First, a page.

TOKYO (Reuters) - Hospitals in Nagoya city in Japan’s industrial heartland have more coronavirus patients than they can treat, forcing transfers to nearby areas and offering a glimpse of the challenges the outbreak poses for a country with a huge elderly population.
Japan has closed schools and canceled public events, which experts say has helped prevent an explosive spread of the virus. But because testing hasn’t been widespread, some medical experts say the extent of infection is understated, and a surge could yet happen.
That would put more of the country under the strain now being felt in Nagoya, and force a nationwide scramble to shift patients, many of them elderly, to hospitals in areas with capacity.
“If the numbers rise further, we won’t be able to cope, so we will either have to ask nearby prefectures to help, or tell those with lighter symptoms to stay at home,” a prefecture official in Nagoya told Reuters.
Confirmed coronavirus cases in Nagoya, the capital of Aichi prefecture, totaled 98 as of Sunday, the official said, far exceeding the city’s 27 beds at hospitals that meet conditions for patients with the highly contagious disease.
Aichi, home to Toyota Motor Corp (7203.T), is Japan’s second-hardest hit prefecture, with 121 confirmed coronavirus cases so far. It has a total of 161 beds capable of handling patients with such a disease. Of those, 105 were in use as of Sunday, the official said.
Elderly people are especially vulnerable to serious effects the virus. Japan has the world’s oldest population, with more than 28% aged 65 or over.
Italy, which has Europe’s oldest population, is facing growing concerns about the ability of its strained health system to cope with a relentless increase in new cases.
“If we allow the epidemic to continue, it’s a matter of time,” said Hokkaido University professor Hiroshi Nishiura when asked if Japan could face a situation similar to Italy’s.
He added that the trajectory of the epidemic was hard to predict.
Japan has been hospitalizing all patients who test positive for the virus, even if symptoms are slight, in line with its law on infectious diseases.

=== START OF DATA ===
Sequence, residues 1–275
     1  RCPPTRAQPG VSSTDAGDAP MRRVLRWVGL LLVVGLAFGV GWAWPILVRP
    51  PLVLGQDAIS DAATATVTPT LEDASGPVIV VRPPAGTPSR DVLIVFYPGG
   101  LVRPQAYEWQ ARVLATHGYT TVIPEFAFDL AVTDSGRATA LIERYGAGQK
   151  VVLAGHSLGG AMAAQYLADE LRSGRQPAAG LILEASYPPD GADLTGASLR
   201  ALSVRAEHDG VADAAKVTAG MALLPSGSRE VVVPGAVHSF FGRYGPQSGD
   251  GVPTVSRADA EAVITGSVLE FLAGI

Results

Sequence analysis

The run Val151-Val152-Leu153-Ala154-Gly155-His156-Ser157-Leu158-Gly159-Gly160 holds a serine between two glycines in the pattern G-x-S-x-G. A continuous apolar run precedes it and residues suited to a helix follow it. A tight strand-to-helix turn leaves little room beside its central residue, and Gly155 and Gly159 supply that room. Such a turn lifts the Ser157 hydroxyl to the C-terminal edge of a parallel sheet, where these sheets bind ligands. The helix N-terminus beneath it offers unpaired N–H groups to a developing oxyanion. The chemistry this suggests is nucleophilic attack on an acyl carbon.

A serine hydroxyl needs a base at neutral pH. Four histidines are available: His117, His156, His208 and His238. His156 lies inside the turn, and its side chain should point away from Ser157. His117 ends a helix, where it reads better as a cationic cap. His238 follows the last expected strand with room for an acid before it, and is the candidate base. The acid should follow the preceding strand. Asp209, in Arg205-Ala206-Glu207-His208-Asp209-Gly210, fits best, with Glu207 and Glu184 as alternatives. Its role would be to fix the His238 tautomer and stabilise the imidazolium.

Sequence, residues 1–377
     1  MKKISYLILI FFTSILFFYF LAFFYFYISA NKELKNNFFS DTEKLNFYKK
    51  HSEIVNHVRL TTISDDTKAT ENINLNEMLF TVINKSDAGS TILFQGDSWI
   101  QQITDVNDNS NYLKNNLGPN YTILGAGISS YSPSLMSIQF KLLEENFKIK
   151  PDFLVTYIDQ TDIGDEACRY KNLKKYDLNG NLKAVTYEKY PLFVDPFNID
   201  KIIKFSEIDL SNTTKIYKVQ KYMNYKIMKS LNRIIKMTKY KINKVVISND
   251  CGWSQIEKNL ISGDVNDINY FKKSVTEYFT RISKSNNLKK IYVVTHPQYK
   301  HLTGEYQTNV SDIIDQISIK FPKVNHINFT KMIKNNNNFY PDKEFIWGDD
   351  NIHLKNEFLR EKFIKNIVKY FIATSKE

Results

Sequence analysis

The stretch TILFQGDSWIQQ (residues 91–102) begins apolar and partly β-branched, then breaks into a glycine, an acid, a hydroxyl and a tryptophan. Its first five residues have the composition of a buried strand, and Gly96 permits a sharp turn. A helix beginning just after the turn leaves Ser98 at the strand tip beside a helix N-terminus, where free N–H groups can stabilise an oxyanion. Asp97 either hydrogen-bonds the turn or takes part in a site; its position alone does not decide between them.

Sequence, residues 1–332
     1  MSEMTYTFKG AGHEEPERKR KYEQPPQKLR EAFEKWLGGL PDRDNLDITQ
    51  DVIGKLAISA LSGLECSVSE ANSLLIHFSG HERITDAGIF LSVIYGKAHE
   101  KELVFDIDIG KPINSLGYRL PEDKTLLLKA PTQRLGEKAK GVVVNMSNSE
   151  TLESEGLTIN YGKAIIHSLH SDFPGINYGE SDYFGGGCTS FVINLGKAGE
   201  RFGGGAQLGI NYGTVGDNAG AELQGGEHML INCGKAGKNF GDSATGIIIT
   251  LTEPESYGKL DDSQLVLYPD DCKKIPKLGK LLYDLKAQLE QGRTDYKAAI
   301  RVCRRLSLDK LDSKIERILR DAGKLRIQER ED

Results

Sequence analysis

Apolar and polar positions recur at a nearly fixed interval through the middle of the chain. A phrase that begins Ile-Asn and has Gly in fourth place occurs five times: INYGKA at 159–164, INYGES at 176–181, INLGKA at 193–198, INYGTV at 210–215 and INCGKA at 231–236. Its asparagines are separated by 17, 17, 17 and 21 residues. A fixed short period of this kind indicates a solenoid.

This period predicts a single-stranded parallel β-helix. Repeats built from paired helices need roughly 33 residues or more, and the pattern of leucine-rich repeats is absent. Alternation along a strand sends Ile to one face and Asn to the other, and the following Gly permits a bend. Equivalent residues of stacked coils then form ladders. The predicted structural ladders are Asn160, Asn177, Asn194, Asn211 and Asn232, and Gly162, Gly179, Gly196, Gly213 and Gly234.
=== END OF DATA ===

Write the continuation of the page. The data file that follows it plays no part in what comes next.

But now, in some areas, patients with lighter symptoms are being asked to isolate at home.
To free up more hospital beds, patients with non-urgent surgery will likely be asked to wait, and others may be discharged earlier than is usual in Japan, experts said.
Hospitals are being asked to prepare plans for transferring patients to places that can treat them, given how the speed of the spread has varied by region, said Takuma Kato, a health ministry official.
Japan’s health ministry has issued guidelines on handling an influx of coronavirus patients based on estimates of what peak numbers might look like.
“Potentially, there will be a surge of new cases if Japan is not successful in containment, which I think will happen,” said Kenji Shibuya, director of the Institute of Population Health, King’s College, London.
“Japan is not yet at the level of what Italy is experiencing in terms of outbreak phase, but that gives us a very important lesson - we have to be prepared,” he said.
The death toll in Italy rose to 1,809 by Sunday after a 25% jump in just 24 hours. The number of cases hit 24,747.
Prime Minister Shinzo Abe has said there were 12,000 beds nationwide that could take serious virus cases and 3,000 respirators, but Shibuya said that didn’t mean there were trained medical staff to handle all of those cases.
A national action plan based on a 2012 law calls for hospitalizing severe cases and treating mild cases at home.
Parliament on Friday revised that law to allow the government to declare a state of emergency to cover the coronavirus. Abe has said conditions didn’t warrant such a declaration yet.
A shortage of cutting-edge equipment to treat the most severe cases also poses a risk, and could force tough decisions about whom to treat if cases rise fast, as in Italy.
For example, a ventilator might be in use for a 90-year-old patient while a seriously ill 30-year-old nurse went without, said Koji Wada, a member of the government advisory panel.
“So we need to discuss the ethical issues too,” Wada said.
Reporting by Linda Sieg and Rocky Swift; Editing by David Dolan and Gerry Doyle